I was to work as a ‘Kids Club Co-ordinator’. Main duties involved organising games of rounders and football, face painting sessions and generally giving horrible, spoilt little fuckers the chance to bite and nip me and kick and punch me in the bollocks. I also had to take my turn dressing up as the various ‘fun’ park characters. Think what Disneyland would be like if it was taken over by Haven Holidays, and you’re along the right lines. I’ll introduce these to you as I remember them;
‘Santa Claus’ – The head honcho in Christmasville. We had to wear a big fake santa head and sit on a throne whilst someone else read stories to the little horrors – it was so hot and boring, we often dozed off hidden by the mask. A gentle nudge from the story teller signified that snooze time was over.
‘Polar Postie’ – A polar bear dressed as a postal worker. Obviously.
‘Bertha Bigfoot’ – An enormous white fluffy monster which was probably supposed to be a Yeti (I understand there’s a difference – please correct me in the comments below cryptozoology fans) but they couldn’t think of a good enough name – it looked like Miranda Hart wearing a huge fur onesie.
‘Rudy Reindeer’ – A reindeer wearing a t-shirt, dungarees and trainers. You know, standard winter wear in Lapland. He also had the biggest, heaviest false reindeer head you can possibly imagine.
After one rather hectic day dressed up as Rudy Reindeer and wearing his massive furry bonce, I retired to my narcotic infused flea pit and woke up the next morning unable to move, let alone get out of bed. I eventually managed to roll out, swallow my pride and I went to the local doctors. Not many people can say they’ve been given severe whiplash by a reindeer, but I certainly can. I spent the next week in a neck brace. With my ginger curly hair, I was surely the inspiration for Leigh Francis’ character, Avid Merrion.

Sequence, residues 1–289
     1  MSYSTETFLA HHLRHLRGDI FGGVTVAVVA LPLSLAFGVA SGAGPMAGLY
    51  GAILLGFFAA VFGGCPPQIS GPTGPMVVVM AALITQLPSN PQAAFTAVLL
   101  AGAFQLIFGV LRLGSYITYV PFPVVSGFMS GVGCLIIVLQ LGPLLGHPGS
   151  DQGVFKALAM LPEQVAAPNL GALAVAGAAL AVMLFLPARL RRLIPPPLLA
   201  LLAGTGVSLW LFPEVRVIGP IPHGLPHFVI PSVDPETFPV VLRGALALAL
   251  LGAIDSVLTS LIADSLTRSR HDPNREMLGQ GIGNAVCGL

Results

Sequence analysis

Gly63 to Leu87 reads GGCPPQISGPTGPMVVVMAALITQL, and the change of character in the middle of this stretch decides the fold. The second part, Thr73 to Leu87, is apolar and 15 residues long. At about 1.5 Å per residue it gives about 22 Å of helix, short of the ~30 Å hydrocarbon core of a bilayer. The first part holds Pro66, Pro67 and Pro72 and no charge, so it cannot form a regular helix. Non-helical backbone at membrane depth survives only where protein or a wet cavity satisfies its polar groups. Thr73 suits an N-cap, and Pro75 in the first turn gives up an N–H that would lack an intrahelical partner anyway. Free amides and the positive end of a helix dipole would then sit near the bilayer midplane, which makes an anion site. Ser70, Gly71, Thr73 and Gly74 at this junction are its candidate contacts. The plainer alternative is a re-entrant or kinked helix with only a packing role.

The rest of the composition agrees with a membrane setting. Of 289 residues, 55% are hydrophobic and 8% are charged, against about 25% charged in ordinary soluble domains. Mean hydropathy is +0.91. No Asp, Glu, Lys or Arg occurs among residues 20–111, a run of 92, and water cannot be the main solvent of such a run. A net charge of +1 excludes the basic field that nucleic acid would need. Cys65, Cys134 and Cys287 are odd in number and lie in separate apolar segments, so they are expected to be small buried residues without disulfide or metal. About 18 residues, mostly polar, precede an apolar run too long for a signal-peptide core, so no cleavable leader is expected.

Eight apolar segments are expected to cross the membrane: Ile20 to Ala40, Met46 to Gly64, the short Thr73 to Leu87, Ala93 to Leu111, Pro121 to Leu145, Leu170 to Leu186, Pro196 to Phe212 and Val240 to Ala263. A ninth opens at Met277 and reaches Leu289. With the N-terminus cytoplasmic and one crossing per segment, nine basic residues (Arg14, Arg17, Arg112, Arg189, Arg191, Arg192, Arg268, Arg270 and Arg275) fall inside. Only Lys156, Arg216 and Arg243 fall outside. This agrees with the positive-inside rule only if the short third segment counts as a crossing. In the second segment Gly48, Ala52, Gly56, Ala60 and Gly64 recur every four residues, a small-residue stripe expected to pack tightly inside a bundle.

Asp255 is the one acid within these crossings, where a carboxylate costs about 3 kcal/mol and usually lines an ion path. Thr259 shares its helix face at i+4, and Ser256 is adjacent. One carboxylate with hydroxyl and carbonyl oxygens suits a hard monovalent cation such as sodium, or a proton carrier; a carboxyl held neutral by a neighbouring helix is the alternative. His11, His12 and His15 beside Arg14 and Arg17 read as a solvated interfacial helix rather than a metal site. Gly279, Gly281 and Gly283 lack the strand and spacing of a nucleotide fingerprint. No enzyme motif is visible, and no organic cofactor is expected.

After long days of looking after the spawn of Satan, in the evenings we partied hard. We were driven to booze. It was here I was first introduced to the delights of the original WKD – “Alcoholic Irn Bru? Fucking hell, they’ve really got problems up here”. We did pub crawls, ill-advised karaoke sessions and many late night hostel parties. Each morning the 5 minute walk to work was broken by a visit to the hostel vending machine to grab a standard Irn Bru and a packet of Space Raiders. A breakfast fit for a king.
Generally, Santa Claus Land made me feel about as Christmassy as a hot summer day. Christmas music played all day, every day but over a terrible tinny PA system. The park was falling to bits and some of the staff could hardly look after themselves, let alone a bunch of kids. It really wasn’t the sort of place you’d actually like to spend any time in at Christmas. It’s now been bulldozed to make way for the redevelopment of the Aviemore resort, which in some ways makes me sad, but in others makes me think it was long overdue.
Nevertheless I made some great friends, some of whom I’m still in touch with 14 years later – I’ll always remember that summer. I grew up a hell of a lot, it set me in good stead for adulthood and it made me realise that travel and tourism wasn’t really all infinity pools and cocktails. I now work in IT.
Most importantly though, each time I hear someone say “I wish it could be Christmas every day”, I can tell them from first-hand experience, quite certainly:
“No you fucking don’t.”